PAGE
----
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“ [192] and warriors come to their defence. They are not far away.”

A volley was discharged into the Indian camp. A wild and piercing yell rose up from wounded squaws and children. Soon the paint and feathers showed themselves among stones and trees. Each Indian rushed to the defence of his own lodge, and now the Whites poured in among them, and the hug of hate began. Arms, drill, and science fought for the Whites, and when the firing slackened, a rush was made with knife and bayonet. The camp was carried, and every man, woman, and child still left was sought and killed.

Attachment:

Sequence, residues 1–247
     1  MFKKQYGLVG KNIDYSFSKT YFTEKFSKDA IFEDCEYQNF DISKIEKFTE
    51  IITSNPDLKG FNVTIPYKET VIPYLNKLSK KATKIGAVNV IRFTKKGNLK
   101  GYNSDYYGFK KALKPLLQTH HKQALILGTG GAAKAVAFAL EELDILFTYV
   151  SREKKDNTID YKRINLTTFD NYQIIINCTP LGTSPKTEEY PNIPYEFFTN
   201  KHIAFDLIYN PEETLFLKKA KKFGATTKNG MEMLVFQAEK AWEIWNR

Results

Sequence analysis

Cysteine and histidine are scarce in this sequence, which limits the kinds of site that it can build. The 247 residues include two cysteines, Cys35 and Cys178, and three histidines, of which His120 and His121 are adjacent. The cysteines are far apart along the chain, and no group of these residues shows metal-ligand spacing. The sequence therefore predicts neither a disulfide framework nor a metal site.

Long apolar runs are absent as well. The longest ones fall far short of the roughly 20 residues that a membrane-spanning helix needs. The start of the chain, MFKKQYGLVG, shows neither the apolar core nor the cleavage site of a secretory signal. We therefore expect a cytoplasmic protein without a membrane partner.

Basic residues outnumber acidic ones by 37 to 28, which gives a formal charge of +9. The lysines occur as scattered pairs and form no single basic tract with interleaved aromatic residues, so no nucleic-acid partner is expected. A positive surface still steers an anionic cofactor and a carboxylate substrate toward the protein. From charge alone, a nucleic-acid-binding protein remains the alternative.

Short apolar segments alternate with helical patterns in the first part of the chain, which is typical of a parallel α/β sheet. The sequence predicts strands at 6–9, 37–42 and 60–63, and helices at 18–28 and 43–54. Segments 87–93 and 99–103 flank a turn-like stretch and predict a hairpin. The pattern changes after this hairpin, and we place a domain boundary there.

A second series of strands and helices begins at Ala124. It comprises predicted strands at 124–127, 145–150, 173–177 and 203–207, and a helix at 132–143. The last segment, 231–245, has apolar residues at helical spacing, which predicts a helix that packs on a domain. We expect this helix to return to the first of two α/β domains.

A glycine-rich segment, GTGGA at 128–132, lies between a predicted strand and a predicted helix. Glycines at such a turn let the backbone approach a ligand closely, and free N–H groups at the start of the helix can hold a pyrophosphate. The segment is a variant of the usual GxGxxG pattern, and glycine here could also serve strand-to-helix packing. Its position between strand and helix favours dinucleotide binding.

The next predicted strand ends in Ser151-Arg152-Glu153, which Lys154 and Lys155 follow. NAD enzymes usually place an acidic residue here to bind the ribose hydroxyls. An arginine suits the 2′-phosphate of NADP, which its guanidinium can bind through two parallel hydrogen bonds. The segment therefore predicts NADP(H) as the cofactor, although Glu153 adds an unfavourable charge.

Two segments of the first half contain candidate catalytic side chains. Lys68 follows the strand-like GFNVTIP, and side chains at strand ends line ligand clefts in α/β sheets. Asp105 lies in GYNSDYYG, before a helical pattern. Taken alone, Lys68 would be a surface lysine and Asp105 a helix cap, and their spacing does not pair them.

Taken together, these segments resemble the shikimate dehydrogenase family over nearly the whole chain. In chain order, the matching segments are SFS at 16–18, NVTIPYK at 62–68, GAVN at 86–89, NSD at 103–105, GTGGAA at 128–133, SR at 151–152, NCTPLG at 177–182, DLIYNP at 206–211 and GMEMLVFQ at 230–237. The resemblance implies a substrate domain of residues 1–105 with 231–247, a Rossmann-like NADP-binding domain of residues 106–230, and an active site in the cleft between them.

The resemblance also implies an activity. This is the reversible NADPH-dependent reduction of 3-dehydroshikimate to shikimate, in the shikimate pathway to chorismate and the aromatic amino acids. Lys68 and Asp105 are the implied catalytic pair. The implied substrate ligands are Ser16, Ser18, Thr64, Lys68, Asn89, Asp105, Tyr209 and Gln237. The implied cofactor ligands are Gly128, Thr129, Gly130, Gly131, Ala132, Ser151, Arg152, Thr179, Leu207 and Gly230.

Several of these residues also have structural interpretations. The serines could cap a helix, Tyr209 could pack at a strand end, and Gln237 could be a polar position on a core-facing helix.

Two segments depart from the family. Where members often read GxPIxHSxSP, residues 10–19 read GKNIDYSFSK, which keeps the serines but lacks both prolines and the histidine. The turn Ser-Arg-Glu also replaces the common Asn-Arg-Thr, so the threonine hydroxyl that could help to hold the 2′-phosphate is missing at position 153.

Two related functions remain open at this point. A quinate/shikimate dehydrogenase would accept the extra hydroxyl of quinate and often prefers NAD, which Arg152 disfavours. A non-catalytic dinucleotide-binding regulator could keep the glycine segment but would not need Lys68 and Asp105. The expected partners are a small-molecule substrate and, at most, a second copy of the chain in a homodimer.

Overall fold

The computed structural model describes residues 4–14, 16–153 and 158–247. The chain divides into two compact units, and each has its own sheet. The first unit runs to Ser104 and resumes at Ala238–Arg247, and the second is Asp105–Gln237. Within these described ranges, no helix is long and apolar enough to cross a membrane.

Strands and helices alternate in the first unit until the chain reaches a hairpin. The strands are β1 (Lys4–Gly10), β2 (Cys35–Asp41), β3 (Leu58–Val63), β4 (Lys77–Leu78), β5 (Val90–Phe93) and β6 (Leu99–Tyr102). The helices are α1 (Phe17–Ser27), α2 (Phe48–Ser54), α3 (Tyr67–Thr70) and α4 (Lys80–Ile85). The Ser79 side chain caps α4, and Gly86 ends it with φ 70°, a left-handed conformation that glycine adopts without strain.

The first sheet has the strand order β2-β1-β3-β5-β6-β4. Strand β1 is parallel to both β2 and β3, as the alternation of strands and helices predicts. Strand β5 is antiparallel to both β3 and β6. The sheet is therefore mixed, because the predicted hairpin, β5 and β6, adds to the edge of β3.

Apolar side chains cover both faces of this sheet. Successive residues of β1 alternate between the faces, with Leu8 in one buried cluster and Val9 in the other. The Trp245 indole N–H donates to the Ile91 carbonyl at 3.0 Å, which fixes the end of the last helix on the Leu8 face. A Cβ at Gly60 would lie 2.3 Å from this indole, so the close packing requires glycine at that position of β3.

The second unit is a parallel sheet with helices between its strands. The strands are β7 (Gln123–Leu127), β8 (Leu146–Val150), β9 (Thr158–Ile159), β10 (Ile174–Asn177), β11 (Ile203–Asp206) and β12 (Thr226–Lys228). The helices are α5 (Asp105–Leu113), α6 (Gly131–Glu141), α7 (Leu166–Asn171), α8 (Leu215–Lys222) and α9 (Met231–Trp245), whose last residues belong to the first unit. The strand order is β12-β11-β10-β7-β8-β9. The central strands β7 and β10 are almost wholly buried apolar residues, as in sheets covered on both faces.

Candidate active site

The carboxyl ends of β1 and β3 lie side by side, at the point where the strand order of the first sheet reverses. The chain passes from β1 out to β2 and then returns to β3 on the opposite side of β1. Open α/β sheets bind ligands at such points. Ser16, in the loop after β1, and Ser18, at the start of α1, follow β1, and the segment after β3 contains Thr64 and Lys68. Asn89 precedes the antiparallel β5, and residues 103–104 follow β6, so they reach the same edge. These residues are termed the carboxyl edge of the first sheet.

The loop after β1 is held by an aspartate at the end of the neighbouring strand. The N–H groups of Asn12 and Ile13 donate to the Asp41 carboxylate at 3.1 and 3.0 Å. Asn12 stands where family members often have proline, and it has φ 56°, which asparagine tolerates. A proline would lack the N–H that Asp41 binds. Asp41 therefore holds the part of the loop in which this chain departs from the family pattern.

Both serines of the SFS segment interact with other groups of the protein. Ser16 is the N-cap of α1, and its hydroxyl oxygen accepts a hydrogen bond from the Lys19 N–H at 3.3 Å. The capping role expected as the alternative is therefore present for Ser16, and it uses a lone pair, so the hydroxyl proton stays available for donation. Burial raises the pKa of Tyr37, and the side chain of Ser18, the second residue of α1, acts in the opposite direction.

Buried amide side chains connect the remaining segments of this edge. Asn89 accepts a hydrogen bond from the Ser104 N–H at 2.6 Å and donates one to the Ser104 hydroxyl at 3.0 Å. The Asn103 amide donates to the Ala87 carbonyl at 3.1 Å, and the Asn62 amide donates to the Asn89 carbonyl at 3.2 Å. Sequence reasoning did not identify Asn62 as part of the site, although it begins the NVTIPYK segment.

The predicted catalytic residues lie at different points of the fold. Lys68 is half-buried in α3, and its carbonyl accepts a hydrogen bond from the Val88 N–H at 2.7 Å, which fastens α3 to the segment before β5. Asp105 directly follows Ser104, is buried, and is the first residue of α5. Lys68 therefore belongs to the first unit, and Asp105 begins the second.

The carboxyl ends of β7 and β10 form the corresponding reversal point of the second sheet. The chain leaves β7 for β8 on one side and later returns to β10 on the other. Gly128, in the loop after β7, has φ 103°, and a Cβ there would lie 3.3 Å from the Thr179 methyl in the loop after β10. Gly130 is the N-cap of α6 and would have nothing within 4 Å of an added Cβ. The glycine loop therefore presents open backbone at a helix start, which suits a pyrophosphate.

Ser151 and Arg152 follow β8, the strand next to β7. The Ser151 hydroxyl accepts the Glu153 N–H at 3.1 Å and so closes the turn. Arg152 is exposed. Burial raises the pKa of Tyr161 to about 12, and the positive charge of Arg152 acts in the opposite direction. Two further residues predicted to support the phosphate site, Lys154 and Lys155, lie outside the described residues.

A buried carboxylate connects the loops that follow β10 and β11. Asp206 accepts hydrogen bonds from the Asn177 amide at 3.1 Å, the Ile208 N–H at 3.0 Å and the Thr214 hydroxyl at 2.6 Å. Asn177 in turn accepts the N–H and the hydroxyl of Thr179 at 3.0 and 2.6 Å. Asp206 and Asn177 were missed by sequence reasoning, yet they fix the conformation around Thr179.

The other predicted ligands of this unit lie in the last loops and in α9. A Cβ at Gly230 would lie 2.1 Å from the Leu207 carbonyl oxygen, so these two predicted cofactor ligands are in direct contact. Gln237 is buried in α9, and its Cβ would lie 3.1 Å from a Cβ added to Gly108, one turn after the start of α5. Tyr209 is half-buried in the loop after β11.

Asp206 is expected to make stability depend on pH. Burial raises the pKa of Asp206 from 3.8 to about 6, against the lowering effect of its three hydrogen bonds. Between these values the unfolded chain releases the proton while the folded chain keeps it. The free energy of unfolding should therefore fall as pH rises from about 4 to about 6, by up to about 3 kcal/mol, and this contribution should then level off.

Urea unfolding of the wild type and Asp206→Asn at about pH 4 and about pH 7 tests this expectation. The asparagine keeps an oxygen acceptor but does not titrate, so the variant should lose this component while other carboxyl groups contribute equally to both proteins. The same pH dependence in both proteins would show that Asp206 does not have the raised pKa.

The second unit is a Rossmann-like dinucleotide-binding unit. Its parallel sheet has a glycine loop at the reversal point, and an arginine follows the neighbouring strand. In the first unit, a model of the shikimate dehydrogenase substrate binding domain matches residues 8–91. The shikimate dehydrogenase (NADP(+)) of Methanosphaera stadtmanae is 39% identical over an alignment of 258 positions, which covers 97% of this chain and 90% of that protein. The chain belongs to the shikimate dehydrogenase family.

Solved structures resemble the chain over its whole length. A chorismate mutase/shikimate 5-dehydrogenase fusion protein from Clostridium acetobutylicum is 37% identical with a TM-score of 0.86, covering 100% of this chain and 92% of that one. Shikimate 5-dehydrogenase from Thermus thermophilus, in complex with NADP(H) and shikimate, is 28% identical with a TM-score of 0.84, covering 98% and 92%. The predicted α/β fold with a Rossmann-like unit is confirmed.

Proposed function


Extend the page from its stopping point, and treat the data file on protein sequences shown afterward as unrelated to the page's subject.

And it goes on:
On crossing Bear River, we arrive at Brigham, a city of adobe houses, nestling in the midst of fruit trees. Here we find a body of Red Mormons, led by a Red bishop, on their road to Zion. Finding no comfort in their Gentile neighbours, the Horse Indians are turning more and more towards their pale-faced brethren of the Mormon church.

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